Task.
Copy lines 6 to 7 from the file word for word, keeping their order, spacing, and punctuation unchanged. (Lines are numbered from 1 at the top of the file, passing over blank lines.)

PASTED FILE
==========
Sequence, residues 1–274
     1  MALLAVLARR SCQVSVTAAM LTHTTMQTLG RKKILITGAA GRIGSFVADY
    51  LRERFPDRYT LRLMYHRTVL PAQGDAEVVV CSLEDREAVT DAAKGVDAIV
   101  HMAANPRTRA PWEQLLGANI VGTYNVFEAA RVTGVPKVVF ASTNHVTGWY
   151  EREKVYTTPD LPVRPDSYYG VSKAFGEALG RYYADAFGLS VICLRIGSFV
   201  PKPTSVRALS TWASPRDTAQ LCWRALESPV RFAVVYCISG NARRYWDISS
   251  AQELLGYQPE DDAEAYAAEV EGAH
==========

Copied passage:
   201  PKPTSVRALS TWASPRDTAQ LCWRALESPV RFAVVYCISG NARRYWDISS
   251  AQELLGYQPE DDAEAYAAEV EGAH